Picking The Right Adoption Agency
While the most important decisions you make about your adoption may relate to the type of adoption -- domestic, international, or foster-adopt, for example, the country from which you wish to adopt, or whether you are capable of parenting a child with special needs, do not overlook an equally significant decision. Believe it or not, selecting an adoption agency is one of the choices you should put a considerable amount of time, research, and effort into making. A carefully researched choice can ensure a smooth process, or at least a team of professionals to support you through the rough patches, but the wrong one can have serious consequences.
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Ethics, ethics, ethics!
An equally important factor in agency selection is ethics. No adoptive parent wants to one day wonder whether the circumstances under which her child came to her family were uncertain. Reports of corruption and adoption closures in many countries, including Vietnam and Guatemala, prove that not all agencies are created equal.
While you want to ensure that your agency will follow through on their financial agreement with you, you also want to ensure that they are operating an ethical business.
Many of us might assume that any agency working to place children is doing a "good" thing and would not act in an interest contrary to the child's who they are placing, but this is not true. A little research will show you that, in fact, corruption, trafficking, and other unethical and illegal behaviors do occur, and sometimes too frequently.
Melissa C. of Colorado learned about unethical agency practices in the most difficult way possible. She and her husband were given a referral of twin infant boys from Vietnam. Seven months of turmoil and uncertainty followed while they waited for the US government to approve their adoption petition so they could travel to bring the boys home. They were eventually told by a representative of the government that their agency was untrustworthy and that their petition was not being approved, but rather being sent to Washington, DC, to be investigated by the child protection fraud unit.
After much heartache and discussion, Melissa and her husband decided to withdraw their petition to adopt. "It was the hardest thing we've ever done, but we knew it was the ethical thing to do," said Melissa. "We wouldn't be able to look them in the eyes and tell them they were adopted ethically." The couple lost nearly $10,000 and a year in the process, but the emotional toll the experience took was much greater. Melissa and her husband decided to have a biological child before considering adoption again. "We still feel like we want to adopt someday, but we would do more background research on the agency."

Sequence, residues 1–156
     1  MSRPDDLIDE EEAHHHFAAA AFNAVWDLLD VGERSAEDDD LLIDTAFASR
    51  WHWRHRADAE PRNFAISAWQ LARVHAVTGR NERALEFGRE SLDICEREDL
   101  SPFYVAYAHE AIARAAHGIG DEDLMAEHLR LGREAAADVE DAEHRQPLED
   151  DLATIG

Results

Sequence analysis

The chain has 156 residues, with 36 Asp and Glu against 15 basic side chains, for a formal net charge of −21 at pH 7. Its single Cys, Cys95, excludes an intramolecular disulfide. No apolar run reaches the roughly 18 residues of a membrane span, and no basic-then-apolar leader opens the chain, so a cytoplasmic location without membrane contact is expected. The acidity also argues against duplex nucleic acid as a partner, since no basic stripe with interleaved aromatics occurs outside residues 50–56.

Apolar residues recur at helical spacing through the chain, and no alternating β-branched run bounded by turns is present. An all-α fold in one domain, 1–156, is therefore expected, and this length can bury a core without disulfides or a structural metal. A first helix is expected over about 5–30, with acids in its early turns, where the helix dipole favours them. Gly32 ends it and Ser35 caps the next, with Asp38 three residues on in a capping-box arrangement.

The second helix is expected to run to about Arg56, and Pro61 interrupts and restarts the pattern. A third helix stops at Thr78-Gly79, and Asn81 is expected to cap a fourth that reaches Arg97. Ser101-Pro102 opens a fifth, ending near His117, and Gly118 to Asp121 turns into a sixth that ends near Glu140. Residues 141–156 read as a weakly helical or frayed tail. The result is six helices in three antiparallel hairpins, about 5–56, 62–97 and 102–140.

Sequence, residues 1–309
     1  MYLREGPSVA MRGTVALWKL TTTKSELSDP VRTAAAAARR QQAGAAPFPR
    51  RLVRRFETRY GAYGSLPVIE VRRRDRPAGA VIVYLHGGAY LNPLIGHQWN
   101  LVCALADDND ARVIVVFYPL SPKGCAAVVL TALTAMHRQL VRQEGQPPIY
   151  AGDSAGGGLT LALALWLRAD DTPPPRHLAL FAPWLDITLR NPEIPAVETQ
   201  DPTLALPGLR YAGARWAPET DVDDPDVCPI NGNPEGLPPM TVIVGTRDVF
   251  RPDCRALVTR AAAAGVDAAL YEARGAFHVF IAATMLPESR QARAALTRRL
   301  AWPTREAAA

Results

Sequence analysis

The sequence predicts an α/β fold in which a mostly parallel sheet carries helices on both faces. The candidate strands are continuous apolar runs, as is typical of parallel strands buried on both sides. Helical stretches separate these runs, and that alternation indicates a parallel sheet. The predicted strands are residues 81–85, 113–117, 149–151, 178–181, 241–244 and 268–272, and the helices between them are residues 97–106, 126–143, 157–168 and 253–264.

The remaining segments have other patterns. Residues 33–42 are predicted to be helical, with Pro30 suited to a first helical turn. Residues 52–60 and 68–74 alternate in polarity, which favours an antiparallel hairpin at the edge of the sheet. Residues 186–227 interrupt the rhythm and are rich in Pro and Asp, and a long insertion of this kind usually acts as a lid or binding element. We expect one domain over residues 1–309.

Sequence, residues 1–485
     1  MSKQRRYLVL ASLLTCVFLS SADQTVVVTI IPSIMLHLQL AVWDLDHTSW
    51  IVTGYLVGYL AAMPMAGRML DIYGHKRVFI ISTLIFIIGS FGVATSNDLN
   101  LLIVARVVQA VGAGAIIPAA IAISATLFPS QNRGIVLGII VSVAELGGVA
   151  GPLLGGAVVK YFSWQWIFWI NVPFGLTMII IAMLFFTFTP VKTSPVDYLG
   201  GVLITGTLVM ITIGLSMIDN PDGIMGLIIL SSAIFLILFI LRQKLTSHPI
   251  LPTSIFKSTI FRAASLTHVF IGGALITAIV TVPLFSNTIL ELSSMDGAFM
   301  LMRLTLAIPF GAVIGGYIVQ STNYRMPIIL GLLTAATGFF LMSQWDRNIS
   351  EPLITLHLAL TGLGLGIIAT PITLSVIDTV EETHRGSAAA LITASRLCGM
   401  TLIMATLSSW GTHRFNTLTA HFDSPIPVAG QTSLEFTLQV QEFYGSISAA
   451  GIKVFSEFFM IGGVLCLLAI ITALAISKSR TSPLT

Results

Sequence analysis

Ethical factors to consider
Ask the agency you are considering how they allot resources -- both money and time -- to support family preservation.
Do they make a sincere and honest effort to help first (aka birth) parents keep their families together? This may seem counterintuitive because you are hoping to adopt, but the bottom line is that adoption should be the last option for a child. Agencies can operate profitable businesses that place children who truly need homes AND look out for the best interests of the children and families.
Ask what resources they allot to in-country humanitarian work (if you are adopting internationally).
How much time and money do they dedicate to projects in the country in which you're planning to adopt that do not "serve" them in any way? Good agencies make commitments to the people of the countries where they have adoption programs.
Ask how the children/babies the agency places come into their care.
This may seem like a silly question, but sometimes agencies send out "child finders" to bring children into their care. This is quite different from an agency that establishes itself in a country and makes it known that they're available to take children or babies that need homes. Intentionally seeking out babies or children to place for adoption can create very unethical situations.
As mentioned above, ask about the number of placements the agency makes from the country you are considering.
Compare that to the average placements of other agencies working there. If the agency places an unusually high number, really look into the reasons behind that. History shows that sometimes, an agency that is handing out an unusually high number of referrals might not be operating an ethical business. Ask WHY they're receiving so many more children into their care.
If you are unsure of what country you are interested in, ask how the agency will help guide you.
Do they push a popular program on you, or are they genuinely interested in learning about your family? On the same note, what steps does the agency take to ensure you are prepared for all of the challenges that come with adoption? Are they simply happy to take your money and get started, or do they make a sincere effort to educate you?
Adoption is not always simple and there is more to it than a new baby or child. There are many issues to consider when you are adopting internationally and transracially. Do they make an effort to educate you about the issues you could face when adopting a child of a different race or one who has been in institutionalized care? Adoption is not always romance and roses! Are they honest about that?
Next page: Where to begin when researching an agency